Making the Magic Happen -- Dr. Stanley Roberts
This Sunday night at 6:00, magic will happen once again--the annual production by our children’s choirs. This year the musical is “Oh Jonah” by Allen Pote. Before the 6:00 hour arrives, a small crowd will show up in the sanctuary about 3:00, take their places and to put a finishing touch on their project started right after Christmas. The artists are not professionals, the costuming garments seem somewhat familiar, the set has a nostalgic feel of having been scene (pun intended) before, the technical elements of lighting, sound, and makeup will not rival that of a Broadway show, the director will be bit harried, and the activities from 3:00-6:00 may appear more chaotic than artistic. But at 6:00, the magic will occur again.
Somehow the lines will flow (at times with some prompting), the orchestra will play (but will sound a lot like a piano), the choir will sing (hopefully all together), the characters of Jonah and the Queen of Nineveh will look like kids ready to enter middle school (they are), and the audience will hang on every word and note (they have a vested interest in the characters of this production). And, the magic will occur again.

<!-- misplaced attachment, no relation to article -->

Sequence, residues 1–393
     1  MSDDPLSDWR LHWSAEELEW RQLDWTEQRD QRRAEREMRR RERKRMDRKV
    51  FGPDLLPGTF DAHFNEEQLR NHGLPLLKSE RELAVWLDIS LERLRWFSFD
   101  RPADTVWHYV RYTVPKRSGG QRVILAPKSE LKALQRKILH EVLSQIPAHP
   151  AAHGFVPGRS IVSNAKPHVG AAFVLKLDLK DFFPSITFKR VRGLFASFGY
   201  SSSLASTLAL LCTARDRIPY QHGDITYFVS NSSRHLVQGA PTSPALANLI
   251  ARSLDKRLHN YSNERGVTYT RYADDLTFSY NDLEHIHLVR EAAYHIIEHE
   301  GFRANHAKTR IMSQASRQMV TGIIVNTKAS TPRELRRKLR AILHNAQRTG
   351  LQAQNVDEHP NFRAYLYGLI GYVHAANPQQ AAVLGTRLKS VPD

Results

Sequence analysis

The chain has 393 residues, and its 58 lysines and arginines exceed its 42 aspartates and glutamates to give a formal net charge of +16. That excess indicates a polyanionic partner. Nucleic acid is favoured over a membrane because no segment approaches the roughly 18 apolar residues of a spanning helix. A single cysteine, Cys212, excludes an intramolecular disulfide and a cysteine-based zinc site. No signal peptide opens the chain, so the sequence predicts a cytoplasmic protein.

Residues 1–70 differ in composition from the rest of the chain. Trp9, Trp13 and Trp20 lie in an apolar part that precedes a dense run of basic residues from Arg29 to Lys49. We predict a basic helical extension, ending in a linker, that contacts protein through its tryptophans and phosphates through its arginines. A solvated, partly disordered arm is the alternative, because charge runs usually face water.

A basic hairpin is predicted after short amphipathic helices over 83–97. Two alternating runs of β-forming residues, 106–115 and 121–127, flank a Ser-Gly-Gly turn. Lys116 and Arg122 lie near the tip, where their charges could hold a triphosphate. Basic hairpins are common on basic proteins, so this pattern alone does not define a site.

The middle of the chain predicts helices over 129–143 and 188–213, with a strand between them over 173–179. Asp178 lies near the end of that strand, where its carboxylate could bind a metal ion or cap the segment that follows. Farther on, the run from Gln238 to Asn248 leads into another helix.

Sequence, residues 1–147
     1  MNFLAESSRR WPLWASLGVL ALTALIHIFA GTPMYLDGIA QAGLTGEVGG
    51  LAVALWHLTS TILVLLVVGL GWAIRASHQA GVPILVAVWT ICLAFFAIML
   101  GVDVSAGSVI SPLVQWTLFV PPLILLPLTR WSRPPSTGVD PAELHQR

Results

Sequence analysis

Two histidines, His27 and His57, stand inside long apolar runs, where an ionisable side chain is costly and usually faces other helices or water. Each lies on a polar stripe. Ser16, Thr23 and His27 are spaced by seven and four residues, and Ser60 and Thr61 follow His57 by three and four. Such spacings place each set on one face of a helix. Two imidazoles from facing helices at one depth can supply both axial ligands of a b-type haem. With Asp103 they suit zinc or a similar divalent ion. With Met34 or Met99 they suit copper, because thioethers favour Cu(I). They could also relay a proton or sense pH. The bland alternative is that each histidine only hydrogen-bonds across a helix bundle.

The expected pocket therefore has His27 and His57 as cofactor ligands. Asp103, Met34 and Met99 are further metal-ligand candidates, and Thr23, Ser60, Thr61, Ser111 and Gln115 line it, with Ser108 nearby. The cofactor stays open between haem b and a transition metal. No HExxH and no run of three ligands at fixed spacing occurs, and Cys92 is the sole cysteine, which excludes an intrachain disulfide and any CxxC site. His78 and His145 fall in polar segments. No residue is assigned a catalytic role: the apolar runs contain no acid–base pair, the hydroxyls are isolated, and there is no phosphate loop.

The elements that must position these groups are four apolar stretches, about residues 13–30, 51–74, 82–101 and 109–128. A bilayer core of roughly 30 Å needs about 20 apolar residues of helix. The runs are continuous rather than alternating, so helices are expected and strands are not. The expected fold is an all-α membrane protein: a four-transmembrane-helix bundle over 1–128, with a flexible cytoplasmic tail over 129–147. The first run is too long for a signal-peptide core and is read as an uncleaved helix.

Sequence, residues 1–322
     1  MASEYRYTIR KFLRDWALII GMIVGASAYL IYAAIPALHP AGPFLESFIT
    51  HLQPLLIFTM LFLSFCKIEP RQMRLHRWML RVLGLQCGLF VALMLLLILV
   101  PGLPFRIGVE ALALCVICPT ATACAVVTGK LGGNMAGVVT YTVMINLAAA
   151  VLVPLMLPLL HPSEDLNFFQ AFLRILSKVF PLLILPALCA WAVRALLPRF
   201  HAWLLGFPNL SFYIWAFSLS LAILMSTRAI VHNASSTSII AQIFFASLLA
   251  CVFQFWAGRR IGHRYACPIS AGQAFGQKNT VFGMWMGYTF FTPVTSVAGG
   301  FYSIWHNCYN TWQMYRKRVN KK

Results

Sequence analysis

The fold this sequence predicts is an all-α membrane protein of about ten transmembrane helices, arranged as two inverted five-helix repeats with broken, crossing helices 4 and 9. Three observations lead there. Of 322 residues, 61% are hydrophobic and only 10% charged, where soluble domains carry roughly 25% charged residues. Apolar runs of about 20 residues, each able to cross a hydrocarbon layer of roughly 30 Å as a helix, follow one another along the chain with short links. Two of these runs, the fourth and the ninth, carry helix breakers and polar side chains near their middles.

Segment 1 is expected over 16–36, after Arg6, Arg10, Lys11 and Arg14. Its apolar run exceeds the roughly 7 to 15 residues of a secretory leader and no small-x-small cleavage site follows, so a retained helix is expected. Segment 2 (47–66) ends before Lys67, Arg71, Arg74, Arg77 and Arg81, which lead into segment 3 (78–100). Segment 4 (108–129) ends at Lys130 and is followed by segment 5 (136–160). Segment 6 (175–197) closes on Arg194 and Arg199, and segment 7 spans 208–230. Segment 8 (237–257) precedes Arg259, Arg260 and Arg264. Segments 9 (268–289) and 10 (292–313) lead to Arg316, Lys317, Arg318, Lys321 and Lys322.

We have seen these church music theatre productions in the past—“Elijah, Man of Fire,” “It’s Cool in the Furnace,” “Malice in the Palace,” “Table for Five Thousand,” “All We Like Sheep,” “A Technicolor Promise,” and “The Rock Slinger’s Greatest Hit,” to name but a few. The members of those casts are now in high school, college, or out in the working world with little characters of their own that would be eligible cast members of “Oh Jonah” if they were in town. Hard to believe isn’t it?
The plot of this musical tells the story of the prophet Jonah, who God asks to go and preach to the city of Nineveh. But instead of traveling with God’s blessing and direction, Jonah runs from his responsibility in his own direction. You know the story.
The magic of these productions are real, but the magic does not happen without much effort and patient work by the many who teach the music, direct the acting, costume the performers, create the set, run the sound cables, feed the cast, and work behind the scenes. Yes, the magic will occur again, but the magic is not magic. It is because of dedicated people who take their responsibility of ministry very seriously. Thank you to all! As for the casual listener, I hope you will join and experience the magic…again.